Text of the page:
Do you remember rushing to the bank on Friday to make sure you had enough money for the weekend? When was the last time you filled out a deposit slip or waited weeks to replace a lost credit card or shopped at a store that doesn’t accept credit cards?
Your wallet today is probably full of contactless credit and debit cards. You can even pay with your mobile phone or have a card that allows you to pay in cryptocurrency.
We’re in the midst of the great payments disruption, and payment and money management options are more varied than ever. And customers and financial institutions are struggling to keep up.
So to better understand where the end users areEntrust surveyed 1,350 consumers from nine countries. The survey asked consumers who have made or received digital payments in the past 12 months to uncover their preferences and habits during this disruption in the payments landscape.
The results show that consumers want the flexibility and security of the new digital world to extend to their banking as well. This means that financial institutions must rise to the challenge with their digital offerings to maintain a competitive edge.
3 key payment themes from our data
Consumers have identified their expectations and concerns from their banks, revealing considerations financial institutions need to keep in mind as they adapt to the Great Payments Disruption. Here are three key findings from The Great Payments Disruption report:
1. Digital banking offers are not a pleasure, they are a necessity.
It is undeniable that digital offers attract consumers. In fact, 88% of respondents said they prefer to do their banking online. Let’s break down what “online” means. When it comes to online banking options, mobile apps reign supreme: 59% of respondents prefer to use their bank’s mobile or tablet app. In contrast, 29% prefer to do their online banking on their desktop web browser.
But while consumers prefer the convenience of online banking options, they still interact physically with their banks – 70% said they had used an automated teller machine (ITM) in the past year. Seamless omnichannel touchpoints remain essential to the customer experience. And if a bank doesn’t offer a digital-first experience, it risks falling behind.
2. Digital transformation unlocks flexibility and customers are looking for secure and flexible options.
When choosing a bank or considering switching banks, respondents’ top priorities can be summarized as: more flexible payment options, better access to digital solutions and increased security. But as banking and credit become more digital, 90% of respondents said they were concerned about the potential for bank or credit fraud. Two-thirds of respondents who were notified of a fraud (67%) said they changed banks or credit unions as a result. Clearly, consumers want secure, high-quality digital banking – and they’re willing to switch banks for it.
These results highlight significant opportunities for challenger banks. In fact, 72% of respondents globally said they would consider using a branchless online banking service/challenge bank for their banking. To maintain their competitive advantage, banks and credit unions need to invest in digital and security solutions to prevent competitors and challenger banks from capturing market share.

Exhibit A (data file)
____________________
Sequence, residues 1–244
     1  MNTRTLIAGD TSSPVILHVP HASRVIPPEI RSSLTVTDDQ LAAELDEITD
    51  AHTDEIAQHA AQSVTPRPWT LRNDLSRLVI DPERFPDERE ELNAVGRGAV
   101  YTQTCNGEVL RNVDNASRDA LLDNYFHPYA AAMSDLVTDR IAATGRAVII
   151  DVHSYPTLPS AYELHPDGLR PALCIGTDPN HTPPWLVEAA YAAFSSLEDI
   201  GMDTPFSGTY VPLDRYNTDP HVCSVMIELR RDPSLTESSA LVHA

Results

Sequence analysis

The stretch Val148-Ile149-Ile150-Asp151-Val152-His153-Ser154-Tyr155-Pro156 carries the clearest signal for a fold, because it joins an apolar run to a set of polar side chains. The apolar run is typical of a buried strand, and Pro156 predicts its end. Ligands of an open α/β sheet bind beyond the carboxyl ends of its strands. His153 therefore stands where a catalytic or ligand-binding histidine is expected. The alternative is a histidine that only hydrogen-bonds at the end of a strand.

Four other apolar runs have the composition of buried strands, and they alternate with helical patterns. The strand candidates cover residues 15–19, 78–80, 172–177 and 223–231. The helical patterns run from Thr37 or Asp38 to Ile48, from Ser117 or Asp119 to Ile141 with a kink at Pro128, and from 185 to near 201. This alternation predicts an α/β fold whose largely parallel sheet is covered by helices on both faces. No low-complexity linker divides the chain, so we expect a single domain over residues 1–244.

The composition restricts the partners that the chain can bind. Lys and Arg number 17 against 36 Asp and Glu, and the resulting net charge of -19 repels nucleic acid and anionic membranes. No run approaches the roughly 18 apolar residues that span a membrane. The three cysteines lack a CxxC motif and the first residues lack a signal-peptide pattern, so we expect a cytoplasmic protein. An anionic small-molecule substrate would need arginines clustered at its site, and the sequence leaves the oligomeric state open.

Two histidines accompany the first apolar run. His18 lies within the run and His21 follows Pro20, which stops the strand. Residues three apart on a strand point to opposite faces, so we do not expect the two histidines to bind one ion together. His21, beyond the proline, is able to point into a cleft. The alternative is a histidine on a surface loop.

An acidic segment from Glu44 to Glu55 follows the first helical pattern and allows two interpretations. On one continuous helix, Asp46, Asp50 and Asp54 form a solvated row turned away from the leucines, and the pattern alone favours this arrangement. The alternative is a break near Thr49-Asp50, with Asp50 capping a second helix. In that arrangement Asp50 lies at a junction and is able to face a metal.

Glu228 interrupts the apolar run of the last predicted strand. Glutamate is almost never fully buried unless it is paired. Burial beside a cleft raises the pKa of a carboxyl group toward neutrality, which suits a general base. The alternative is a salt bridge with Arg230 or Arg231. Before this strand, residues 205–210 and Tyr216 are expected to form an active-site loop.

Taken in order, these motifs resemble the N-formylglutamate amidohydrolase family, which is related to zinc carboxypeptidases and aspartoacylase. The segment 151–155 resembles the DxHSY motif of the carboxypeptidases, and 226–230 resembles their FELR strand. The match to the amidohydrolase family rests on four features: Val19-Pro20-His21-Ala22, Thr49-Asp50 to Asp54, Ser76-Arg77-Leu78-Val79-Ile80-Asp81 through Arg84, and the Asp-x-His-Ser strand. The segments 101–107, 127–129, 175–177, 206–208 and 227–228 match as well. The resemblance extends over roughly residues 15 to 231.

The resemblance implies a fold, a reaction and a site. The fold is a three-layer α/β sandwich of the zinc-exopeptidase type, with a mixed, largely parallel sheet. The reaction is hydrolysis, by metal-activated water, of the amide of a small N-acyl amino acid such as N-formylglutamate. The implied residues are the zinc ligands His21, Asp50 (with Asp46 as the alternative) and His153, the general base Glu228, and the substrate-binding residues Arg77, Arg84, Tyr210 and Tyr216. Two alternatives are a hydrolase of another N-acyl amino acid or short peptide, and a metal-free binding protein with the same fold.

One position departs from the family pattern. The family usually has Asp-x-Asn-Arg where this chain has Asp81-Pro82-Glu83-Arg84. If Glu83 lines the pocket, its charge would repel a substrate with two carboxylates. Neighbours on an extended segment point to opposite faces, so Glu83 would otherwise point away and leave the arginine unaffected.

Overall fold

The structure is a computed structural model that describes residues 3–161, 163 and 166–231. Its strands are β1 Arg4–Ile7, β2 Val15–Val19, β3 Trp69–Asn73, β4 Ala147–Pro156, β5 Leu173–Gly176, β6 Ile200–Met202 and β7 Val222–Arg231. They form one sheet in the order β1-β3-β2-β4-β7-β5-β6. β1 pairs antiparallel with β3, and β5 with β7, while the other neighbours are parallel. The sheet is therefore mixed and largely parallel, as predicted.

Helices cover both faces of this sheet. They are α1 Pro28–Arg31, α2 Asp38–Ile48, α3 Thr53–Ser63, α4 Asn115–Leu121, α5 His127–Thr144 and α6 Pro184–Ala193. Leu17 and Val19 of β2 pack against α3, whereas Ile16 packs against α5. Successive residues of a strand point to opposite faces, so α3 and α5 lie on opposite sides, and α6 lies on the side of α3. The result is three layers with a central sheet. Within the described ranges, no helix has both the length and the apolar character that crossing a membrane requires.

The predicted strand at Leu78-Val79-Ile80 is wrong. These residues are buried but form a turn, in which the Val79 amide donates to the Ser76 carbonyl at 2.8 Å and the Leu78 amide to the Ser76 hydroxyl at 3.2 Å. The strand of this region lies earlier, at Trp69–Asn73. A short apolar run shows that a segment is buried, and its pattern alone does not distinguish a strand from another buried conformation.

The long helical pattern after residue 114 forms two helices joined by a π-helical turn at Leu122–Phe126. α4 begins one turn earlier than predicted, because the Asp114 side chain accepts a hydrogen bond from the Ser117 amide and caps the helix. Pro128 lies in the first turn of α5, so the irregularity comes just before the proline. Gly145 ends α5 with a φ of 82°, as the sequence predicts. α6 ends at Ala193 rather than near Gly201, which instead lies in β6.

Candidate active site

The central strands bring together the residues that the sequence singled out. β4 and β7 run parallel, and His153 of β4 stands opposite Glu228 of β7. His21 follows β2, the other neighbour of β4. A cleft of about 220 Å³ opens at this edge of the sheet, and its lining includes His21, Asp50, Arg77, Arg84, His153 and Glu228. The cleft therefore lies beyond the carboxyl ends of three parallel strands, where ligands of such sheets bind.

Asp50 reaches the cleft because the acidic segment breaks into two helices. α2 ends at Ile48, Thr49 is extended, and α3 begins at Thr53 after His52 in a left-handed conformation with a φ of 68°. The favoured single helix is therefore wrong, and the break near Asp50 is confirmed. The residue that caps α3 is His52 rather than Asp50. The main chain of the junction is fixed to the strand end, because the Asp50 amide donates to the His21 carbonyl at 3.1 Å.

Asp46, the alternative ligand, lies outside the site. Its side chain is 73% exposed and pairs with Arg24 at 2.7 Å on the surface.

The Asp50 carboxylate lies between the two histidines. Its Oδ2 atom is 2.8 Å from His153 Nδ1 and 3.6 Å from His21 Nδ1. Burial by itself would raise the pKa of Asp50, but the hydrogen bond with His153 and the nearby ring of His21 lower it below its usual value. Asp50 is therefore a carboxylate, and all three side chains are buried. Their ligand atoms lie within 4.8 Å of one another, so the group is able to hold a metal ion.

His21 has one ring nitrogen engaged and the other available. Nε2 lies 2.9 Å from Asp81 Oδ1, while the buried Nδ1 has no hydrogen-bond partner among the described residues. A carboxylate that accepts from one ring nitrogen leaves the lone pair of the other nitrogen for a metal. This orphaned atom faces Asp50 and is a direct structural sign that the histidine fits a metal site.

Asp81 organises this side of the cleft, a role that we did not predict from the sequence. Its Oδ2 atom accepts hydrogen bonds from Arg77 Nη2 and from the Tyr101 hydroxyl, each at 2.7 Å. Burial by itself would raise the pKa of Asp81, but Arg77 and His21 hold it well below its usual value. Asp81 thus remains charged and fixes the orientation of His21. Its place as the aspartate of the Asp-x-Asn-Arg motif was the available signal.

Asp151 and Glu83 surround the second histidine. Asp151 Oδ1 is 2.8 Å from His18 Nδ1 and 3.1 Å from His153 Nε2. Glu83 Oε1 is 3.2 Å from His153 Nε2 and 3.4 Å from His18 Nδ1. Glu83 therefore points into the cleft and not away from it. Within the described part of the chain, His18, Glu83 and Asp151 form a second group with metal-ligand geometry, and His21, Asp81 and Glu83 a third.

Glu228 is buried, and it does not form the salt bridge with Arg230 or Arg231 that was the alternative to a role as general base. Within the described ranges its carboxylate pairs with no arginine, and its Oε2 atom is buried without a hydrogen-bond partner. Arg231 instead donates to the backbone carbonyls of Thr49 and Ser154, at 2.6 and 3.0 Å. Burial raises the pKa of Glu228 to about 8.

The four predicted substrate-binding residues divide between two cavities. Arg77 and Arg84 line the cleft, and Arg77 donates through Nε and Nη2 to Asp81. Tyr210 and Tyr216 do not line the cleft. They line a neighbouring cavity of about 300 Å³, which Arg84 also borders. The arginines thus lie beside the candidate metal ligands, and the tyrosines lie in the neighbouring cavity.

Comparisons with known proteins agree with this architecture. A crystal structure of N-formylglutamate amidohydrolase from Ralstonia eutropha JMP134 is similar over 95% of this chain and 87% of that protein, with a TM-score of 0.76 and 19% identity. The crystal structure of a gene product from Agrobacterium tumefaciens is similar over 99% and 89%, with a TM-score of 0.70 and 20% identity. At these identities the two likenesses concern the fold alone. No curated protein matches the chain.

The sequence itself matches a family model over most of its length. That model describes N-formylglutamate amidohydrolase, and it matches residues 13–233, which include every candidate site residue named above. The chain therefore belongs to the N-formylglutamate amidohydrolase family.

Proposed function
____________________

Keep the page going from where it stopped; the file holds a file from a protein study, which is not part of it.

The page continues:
3. Contactless payment methods continue to grow in popularity.
Compared to countries like the UK whose cardholders adopted contactless cards more than ten years agocontactless cards in the United States only recently appeared on a large scale. Although newer to the United States, contactless cards are rapidly gaining momentum and responding to consumer demand for more flexible and secure options. In fact, 48% of respondents listed contactless credit or debit cards as their preferred method of payment, just behind the 50% of consumers who said they preferred chip-based credit or debit cards. Peer-to-peer payment apps (e.g. PayPal or Venmo) and contactless mobile payment — while continuing to grow in popularity – lagging behind with only 30% of respondents citing them as their preferred payment methods.
However, this lack of mobile contactless payment adoption could be due to the fact that only 53% of respondents say they have received a digitally issued debit or credit card from their bank or credit union. Although this is a slight majority, there is room for growth – and for banks, there is a big opportunity here. Given that respondents said they want more flexible options, a digital card solution could be the answer banks need to attract a wider customer base and retain existing customers to stay relevant.
Download The Great Payments Disruption report for more information
To download The Great Payments Disruption report for a better understanding of the current digital disruption in the payments industry and the resulting impacts for consumers. In the report, you’ll learn what consumers expect from their banks and how you can deliver a secure and digital omnichannel customer experience.
If you want to learn more about how we can help you embrace the future of banking, get in touch with our team today.
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*** This is a syndicated blog from the Security Bloggers Network of entrust the blog written by Jenn Markey. Read the original post at: https://www.entrust.com/blog/2022/03/new-data-from-entrust-highlights-consumers-desire-for-a-digital-first-banking-experience/